8. 8.
    Farnebäck, G.: Two-frame motion estimation based on polynomial expansion. In: Image Analysis, Springer, pp. 363–370 (2003)Google Scholar
  9. 9.
    Fassold, H., Rosner, J., Schallaeur, P., Bailer, W.: Realtime KLT feature point tracking for high definition video. In: Computer Graphics, Computer Vision and Mathematics (GraVisMa’09), Plzen (2009)Google Scholar
  10. 10.
    Garrigues, M., Manzanera, A.: Real time semi-dense point tracking. In: Campilho, A., Kamel, M. (eds) International Conference on Image Analysis and Recognition (ICIAR 2012), Springer, Aveiro. Lecture Notes in Computer Science, vol. 7324, pp. 245–252 (2012)Google Scholar
  11. 11.
    Hoberock, J., Bell, N.: Thrust: A parallel template library. URL: http://thrust.github.io/, version 1.7.0 (2010)
  12. 12.
    Isard, M., Blake, A.: Condensation—conditional density propagation for visual tracking. Int. J. Comput. Vis. 29, 5–28 (1998)CrossRefGoogle Scholar
  13. 13.
    Nguyen, T., Manzanera, A.: Action recognition using bag of features extracted from a beam of trajectories. In: International Conference on Image Processing (IEEE-ICIP’13), Melbourne (2013)Google Scholar
  14. 14.
    Nguyen, T., Manzanera, A., Garrigues, M.: Motion trend patterns for action modelling and recognition. In: International Conference on Computer Analysis of Images and Patterns (CAIP’13), New York (2013)Google Scholar
  15. 15.
    Rabe, C., Franke, U., Koch, R.: Dense 3D motion field estimation from a moving observer in real time. Smart Mobile In-Veh. Syst. (2014). URL: http://link.springer.com/chapter/10.1007/978-1-4614-9120-0_2
  16. 16.
    Rosten, E., Drummond, T.: Fusing points and lines for high performance tracking. IEEE Int. Conf. Comput. Vis. 2, 1508–1511 (2005)Google Scholar
  17. 17.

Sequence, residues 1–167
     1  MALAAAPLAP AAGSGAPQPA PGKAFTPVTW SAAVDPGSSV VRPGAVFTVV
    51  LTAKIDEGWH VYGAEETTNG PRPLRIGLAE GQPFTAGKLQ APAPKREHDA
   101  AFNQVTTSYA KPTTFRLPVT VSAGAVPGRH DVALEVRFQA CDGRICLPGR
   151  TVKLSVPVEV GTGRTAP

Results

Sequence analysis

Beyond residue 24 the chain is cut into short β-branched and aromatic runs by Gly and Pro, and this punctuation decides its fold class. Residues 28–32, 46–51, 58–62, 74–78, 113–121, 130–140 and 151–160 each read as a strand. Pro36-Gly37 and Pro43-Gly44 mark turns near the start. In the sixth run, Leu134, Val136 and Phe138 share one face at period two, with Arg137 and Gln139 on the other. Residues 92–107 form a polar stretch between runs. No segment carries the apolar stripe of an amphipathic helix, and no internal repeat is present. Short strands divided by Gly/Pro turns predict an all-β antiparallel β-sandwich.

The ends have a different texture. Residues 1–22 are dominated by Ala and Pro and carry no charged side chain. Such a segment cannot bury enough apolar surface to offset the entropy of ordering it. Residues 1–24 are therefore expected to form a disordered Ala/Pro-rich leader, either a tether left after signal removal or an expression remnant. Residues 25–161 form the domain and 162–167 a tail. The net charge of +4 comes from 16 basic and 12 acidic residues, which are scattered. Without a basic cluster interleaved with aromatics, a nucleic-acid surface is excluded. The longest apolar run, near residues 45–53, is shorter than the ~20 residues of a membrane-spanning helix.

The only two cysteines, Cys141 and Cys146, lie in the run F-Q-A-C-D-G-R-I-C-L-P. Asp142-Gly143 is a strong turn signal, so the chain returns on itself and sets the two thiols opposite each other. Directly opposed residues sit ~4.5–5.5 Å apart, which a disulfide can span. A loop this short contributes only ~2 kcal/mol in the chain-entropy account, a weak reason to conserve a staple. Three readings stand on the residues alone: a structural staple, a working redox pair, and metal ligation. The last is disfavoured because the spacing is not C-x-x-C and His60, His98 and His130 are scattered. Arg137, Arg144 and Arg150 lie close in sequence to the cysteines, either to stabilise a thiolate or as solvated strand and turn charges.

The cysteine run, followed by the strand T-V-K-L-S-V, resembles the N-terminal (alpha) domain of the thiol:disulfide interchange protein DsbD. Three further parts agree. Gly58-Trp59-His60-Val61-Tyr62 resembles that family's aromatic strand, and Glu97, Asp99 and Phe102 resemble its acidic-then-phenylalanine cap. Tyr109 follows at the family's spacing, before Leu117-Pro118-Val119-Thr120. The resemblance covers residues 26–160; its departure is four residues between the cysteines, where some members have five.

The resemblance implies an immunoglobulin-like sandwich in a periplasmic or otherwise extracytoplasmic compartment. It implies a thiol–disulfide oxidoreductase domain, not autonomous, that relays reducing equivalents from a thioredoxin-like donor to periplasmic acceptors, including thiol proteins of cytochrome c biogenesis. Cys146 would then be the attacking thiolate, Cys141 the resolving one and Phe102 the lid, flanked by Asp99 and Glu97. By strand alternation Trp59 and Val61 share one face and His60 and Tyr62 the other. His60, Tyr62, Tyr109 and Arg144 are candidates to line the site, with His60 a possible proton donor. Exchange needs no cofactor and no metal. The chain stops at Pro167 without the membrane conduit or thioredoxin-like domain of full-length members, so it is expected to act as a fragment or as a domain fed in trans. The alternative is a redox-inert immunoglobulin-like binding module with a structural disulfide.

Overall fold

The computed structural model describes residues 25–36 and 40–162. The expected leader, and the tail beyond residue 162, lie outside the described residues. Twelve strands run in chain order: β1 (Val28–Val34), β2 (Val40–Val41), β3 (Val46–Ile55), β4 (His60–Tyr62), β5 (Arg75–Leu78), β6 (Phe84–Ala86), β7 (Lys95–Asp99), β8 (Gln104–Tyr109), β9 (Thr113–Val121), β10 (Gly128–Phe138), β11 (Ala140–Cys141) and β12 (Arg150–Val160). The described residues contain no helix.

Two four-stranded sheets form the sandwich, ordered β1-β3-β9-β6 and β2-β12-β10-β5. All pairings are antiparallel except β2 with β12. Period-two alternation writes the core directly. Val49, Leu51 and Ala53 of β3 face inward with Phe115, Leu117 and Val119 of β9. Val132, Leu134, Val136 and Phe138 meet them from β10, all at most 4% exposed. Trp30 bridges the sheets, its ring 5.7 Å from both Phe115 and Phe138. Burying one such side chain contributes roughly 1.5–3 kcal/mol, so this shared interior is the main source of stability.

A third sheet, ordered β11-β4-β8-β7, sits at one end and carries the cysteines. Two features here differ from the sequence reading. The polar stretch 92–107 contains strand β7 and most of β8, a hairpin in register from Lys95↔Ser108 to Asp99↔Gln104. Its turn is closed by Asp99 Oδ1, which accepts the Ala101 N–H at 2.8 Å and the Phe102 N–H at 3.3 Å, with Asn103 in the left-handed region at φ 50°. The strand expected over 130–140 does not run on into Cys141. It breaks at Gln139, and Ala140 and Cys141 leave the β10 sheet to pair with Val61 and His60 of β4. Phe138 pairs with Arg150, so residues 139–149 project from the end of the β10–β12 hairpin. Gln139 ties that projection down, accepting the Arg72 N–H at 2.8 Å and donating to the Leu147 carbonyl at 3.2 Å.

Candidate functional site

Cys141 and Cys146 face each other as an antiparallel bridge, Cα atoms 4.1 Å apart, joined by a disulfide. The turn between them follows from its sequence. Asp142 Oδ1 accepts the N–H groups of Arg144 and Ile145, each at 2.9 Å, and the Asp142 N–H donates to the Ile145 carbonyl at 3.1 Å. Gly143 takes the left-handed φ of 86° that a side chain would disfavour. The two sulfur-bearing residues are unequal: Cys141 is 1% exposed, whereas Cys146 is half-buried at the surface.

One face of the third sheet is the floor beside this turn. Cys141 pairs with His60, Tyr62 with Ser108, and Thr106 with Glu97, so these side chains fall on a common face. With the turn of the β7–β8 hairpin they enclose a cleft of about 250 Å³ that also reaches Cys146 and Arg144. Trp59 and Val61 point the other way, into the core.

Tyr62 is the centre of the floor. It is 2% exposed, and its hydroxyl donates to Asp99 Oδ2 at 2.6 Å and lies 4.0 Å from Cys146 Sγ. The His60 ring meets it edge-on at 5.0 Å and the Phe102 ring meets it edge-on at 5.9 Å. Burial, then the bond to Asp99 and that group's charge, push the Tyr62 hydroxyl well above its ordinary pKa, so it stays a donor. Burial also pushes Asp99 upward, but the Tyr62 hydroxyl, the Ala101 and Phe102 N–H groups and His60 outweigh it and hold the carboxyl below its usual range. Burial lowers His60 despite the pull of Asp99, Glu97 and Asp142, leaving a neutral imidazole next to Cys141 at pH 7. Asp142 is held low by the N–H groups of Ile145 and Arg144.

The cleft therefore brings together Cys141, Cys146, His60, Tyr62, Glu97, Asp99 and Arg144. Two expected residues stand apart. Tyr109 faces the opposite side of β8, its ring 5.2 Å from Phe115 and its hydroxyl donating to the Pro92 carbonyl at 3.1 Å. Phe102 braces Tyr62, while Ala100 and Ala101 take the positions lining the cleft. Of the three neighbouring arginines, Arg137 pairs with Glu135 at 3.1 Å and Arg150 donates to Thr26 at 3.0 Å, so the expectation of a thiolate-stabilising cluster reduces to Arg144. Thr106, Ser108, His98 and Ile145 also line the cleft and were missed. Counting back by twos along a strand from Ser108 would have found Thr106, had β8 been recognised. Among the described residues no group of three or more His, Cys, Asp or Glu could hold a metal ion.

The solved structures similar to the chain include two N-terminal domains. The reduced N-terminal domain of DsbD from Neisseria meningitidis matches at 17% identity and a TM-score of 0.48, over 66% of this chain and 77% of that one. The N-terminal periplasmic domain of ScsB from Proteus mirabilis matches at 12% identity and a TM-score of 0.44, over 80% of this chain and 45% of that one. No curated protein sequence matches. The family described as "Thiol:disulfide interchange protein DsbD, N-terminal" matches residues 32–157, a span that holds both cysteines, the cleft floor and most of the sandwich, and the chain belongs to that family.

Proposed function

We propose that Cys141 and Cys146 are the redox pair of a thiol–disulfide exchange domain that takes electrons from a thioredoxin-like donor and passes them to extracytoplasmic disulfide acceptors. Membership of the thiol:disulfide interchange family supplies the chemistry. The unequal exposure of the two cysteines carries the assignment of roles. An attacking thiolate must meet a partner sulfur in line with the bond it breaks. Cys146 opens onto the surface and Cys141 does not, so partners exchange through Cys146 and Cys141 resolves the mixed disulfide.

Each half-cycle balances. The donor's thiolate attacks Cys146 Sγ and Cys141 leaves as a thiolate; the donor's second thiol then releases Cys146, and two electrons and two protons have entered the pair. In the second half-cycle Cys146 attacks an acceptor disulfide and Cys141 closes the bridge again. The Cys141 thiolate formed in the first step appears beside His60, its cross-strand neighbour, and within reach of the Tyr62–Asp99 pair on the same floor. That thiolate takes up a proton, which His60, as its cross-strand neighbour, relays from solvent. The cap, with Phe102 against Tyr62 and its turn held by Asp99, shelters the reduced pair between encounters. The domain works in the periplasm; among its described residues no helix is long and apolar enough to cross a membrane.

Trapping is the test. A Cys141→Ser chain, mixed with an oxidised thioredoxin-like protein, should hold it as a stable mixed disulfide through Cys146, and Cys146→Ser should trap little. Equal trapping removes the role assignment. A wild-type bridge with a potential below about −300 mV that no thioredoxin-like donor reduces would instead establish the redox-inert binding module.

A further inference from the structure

Rosten, E., Drummond, T.: Machine learning for high-speed corner detection. In: European Conference on Computer Vision (ECCV’06), vol. 1, pp. 430–443 (2006)Google Scholar
  18. 18.
    Rosten, E., Porter, R., Drummond, T.: Faster and better: a machine learning approach to corner detection. IEEE Trans. Pattern Anal. Mach. Intell. 32, 105–119 (2010)CrossRefGoogle Scholar
  19. 19.
    Sand, P., Teller, S: Particle video: long-range motion estimation using point trajectories. In: Computer Vision and Pattern Recognition (CVPR’06), pp. 2195–2202. New York (2006)Google Scholar
  20. 20.
    Schmid, C., Mohr, R., Bauckhage, C.: Evaluation of interest point detectors. Int. J. Comput. Vis. 37(2), 151–172 (2000)CrossRefzbMATHGoogle Scholar
  21. 21.
    Sekkati, H., Mitiche, A.: Joint optical flow estimation, segmentation, and 3d interpretation with level sets. Comput. Vis. Image Underst. 103(2), 89–100 (2006)CrossRefGoogle Scholar
  22. 22.
    Sinha, S.N., Frahm, J.M., Pollefeys, M., Genc, Y.: GPU-based video feature tracking and matching. In: EDGE, Workshop on Edge Computing Using New Commodity Architectures, vol 278, p 4321 (2006)Google Scholar
  23. 23.
    Sinha, S.N., Frahm, J.M., Pollefeys, M., Genc, Y.: Feature tracking and matching in video using programmable graphics hardware. Mach. Vis. Appl. 22(1), 207–217 (2007)CrossRefGoogle Scholar
  24. 24.
    Tomasi, C., Kanade, T.: Detection and tracking of point features. Carnegie Mellon University Technical, Report CMU-CS-91-132 (1991)Google Scholar
  25. 25.
    Wang, H., Kläser, A., Schmid, C., Chen, g., Lin, L.: Action recognition by dense trajectories. IEEE Conference on Computer Vision and Pattern Recognition, pp. 3169–3176. Colorado Springs (2011)Google Scholar

Copyright information

© Springer-Verlag Berlin Heidelberg 2014

Authors and Affiliations

  • Matthieu Garrigues
    • 1
  • Antoine Manzanera
    • 1
    Email author
  • Thierry M. Bernard
    • 1
  1. 1.ENSTA-ParisTechPalaiseau CedexFrance

Personalised recommendations